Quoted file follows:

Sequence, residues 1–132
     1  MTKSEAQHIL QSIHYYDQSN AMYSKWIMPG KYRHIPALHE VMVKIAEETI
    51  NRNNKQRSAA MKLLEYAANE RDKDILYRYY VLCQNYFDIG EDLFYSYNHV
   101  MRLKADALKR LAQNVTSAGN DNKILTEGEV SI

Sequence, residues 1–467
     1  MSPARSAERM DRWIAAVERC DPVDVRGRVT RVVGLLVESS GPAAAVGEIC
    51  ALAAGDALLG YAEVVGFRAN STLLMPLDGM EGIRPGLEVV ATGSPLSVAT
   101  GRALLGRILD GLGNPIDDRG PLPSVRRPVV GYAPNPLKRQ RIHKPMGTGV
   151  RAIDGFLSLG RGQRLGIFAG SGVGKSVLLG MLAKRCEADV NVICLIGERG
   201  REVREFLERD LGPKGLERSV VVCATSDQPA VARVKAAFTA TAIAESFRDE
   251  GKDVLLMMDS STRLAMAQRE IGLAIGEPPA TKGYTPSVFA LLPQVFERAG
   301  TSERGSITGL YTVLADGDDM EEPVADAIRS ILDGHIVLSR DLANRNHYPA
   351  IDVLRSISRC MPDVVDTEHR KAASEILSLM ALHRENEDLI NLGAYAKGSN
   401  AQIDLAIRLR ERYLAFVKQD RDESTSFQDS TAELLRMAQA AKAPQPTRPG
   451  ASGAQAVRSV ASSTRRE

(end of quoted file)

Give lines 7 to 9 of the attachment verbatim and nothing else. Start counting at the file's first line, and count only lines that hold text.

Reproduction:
    51  ALAAGDALLG YAEVVGFRAN STLLMPLDGM EGIRPGLEVV ATGSPLSVAT
   101  GRALLGRILD GLGNPIDDRG PLPSVRRPVV GYAPNPLKRQ RIHKPMGTGV
   151  RAIDGFLSLG RGQRLGIFAG SGVGKSVLLG MLAKRCEADV NVICLIGERG